A Pharmacist's Top Tips For Managing Arthritis
Doctors, nurses, physios, masseurs, friends, family, the internet; there are plenty of places to turn for advice when it comes to managing your arthritis. But what about your local pharmacist?
According to LloydsPharmacy Pharmacist Anshu Kaura, “Your pharmacist should be the first port of call because they have the knowledge and expertise to help you. As well as recommending products, your pharmacy team can give you advice without the need for an appointment..”
We liked the sound of that, so we sat down with Anshu to find out more. Keep reading for her key tips on how you can best manage the pain and stiffness of osteoarthritis.
Small tweaks to your diet can make a big difference to the management of your arthritis, as Anshu points out: “Getting your five portions of fruit and veg a day and taking vitamin supplements such as vitamin D and Calcium can help with bone strength. Controlling your blood sugar levels will always help to prevent this,” she says. “Natural sugars, found in things like fruit are okay, but artificial sugars should be avoided where possible.”
Closely linked to a healthy diet is the maintenance of a healthy body-weight. It might seem obvious but it’s something that is easy to forget when you’re living with the pain of arthritis. “If we’re maintaining a healthy weight then we’re not putting that added pressure on the joints and this in turn will help preserve the cartilage and lining of the joints which can prevent arthritis occurring.”
Regular exercise is vitally important both for your physical and mental wellbeing. We’re aware that when you’re in pain already, it can be hard to motivate yourself to get active but it doesn’t have to involve strenuous activity. Simple exercises and stretches are a great starting point. Anshu highlights the need to do, “exercises that are right for your joints and the pain you’re experiencing.”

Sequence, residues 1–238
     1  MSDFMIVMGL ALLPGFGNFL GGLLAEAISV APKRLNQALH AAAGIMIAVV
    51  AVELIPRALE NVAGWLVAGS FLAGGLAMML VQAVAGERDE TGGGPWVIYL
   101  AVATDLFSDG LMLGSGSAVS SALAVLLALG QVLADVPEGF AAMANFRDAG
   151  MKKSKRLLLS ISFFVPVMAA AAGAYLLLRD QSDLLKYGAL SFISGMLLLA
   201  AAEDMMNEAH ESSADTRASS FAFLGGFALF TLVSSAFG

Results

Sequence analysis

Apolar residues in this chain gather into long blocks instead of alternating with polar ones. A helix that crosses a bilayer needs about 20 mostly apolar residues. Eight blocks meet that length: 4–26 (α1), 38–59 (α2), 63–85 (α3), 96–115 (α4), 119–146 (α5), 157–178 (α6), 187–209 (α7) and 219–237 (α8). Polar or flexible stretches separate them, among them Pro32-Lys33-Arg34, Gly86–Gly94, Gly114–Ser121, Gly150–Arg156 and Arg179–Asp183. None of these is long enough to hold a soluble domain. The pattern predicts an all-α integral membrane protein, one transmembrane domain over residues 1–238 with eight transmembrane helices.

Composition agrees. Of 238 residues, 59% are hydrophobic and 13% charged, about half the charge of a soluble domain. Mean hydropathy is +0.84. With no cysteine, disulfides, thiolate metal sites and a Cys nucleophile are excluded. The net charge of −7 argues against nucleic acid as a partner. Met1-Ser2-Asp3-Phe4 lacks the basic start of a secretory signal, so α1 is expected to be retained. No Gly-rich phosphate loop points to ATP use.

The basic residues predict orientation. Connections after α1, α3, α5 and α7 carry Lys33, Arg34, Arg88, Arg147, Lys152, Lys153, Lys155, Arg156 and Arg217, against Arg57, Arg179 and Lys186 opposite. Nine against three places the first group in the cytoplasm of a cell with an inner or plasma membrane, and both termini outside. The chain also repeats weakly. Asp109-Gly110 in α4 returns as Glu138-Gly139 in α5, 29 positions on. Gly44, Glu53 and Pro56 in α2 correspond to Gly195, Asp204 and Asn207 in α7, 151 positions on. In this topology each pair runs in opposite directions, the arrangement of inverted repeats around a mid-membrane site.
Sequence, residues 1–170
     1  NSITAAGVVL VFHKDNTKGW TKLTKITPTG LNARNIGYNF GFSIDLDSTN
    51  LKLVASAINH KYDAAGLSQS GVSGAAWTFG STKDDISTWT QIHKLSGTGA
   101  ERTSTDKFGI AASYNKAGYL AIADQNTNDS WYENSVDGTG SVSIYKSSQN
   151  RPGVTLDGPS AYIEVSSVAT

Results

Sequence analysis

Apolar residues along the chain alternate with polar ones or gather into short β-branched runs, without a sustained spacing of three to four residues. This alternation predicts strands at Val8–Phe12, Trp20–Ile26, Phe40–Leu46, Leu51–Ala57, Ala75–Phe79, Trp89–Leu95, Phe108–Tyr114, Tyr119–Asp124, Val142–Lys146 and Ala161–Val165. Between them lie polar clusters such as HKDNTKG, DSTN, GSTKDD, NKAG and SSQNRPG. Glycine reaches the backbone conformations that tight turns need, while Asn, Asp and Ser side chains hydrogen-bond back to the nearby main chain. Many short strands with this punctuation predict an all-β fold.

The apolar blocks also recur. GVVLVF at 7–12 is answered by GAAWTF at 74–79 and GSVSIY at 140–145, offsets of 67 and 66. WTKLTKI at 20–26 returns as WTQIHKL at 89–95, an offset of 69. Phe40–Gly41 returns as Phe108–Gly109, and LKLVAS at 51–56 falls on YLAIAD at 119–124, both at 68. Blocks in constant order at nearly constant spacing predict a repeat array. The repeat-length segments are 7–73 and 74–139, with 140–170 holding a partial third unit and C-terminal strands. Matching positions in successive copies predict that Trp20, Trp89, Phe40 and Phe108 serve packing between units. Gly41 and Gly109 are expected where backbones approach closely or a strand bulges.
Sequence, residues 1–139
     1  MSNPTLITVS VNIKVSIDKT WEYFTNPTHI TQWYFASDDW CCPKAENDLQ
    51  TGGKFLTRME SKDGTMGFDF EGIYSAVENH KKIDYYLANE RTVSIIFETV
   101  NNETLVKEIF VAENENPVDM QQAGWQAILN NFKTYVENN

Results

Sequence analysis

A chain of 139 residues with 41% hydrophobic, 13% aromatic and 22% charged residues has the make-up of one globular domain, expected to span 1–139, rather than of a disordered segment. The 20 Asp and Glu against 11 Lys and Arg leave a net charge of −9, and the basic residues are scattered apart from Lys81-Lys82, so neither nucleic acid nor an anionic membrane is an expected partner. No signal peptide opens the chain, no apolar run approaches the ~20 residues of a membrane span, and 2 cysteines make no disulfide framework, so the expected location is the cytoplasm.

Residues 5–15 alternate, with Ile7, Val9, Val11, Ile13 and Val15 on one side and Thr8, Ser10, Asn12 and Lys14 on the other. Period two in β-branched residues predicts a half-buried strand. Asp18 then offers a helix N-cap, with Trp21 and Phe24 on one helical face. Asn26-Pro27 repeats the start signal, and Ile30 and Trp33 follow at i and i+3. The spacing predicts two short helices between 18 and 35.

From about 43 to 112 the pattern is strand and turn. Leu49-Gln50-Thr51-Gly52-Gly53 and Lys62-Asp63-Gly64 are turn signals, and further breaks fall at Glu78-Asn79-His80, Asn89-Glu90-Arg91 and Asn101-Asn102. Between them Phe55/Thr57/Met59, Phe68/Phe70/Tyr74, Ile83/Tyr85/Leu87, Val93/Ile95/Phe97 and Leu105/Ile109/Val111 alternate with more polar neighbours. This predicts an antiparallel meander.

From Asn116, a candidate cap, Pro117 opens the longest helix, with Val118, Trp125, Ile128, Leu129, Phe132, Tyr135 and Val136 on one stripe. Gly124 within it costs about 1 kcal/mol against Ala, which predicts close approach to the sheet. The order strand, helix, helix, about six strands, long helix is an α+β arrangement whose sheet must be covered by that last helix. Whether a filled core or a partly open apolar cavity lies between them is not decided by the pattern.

The NHS recommends we should be doing an average of 30 minutes of moderate exercise a day. This can be anything from a brisk walk to a cycle ride. More often than not a simple exercise can be the most effective. Anshu says: “Stretching is something most of us feel we don’t have time to do in our busy lives but it can make such a big difference to our mobility if we keep our muscles moving. By doing exercise we’re strengthening and maintaining our muscles which in turn helps support the joints that are prone to wear and tear. Exercises like yoga and Pilates in particular, are good because they help to strengthen back muscles, once the muscles are strong the joints are better supported.”
If you’ve been advised to exercise but struggle with day-to-day pain, you may want to chat with your pharmacist about the way you manage your symptoms. “If you feel you’re in too much pain to exercise we’d start to look at your pain relief,” says Anshu. “We’d look at your dosage, both the amount and whether you’re taking it at the right time, to see if we can work with your prescriber to improve your situation.” Optimising the effectiveness of painkillers can make such a difference. In the short-term, it could get you in a fit state to exercise and in time, as you reap the rewards of an active lifestyle you may well be able to reduce your dosage.
Every day we place undue stress on our joints just undertaking routine tasks. It doesn’t need to be this way, as Anshu explains: “If you’re going shopping, don’t carry all your shopping in one hand, spread the weight. If you have a handbag you’ll often put this over the same shoulder which could cause repetitive pain in the same place. A rucksack is a much better option as it distributes the weight evenly. Joint care tips are important.”
Anshu also stresses the benefits of occupational aids; gadgets that can help make some daily jobs that little bit easier. In the kitchen, all manner of bottle and jar openers are now available to ease the strain on your fingers. On the mobility front, a walking stick or seat raiser are also invaluable.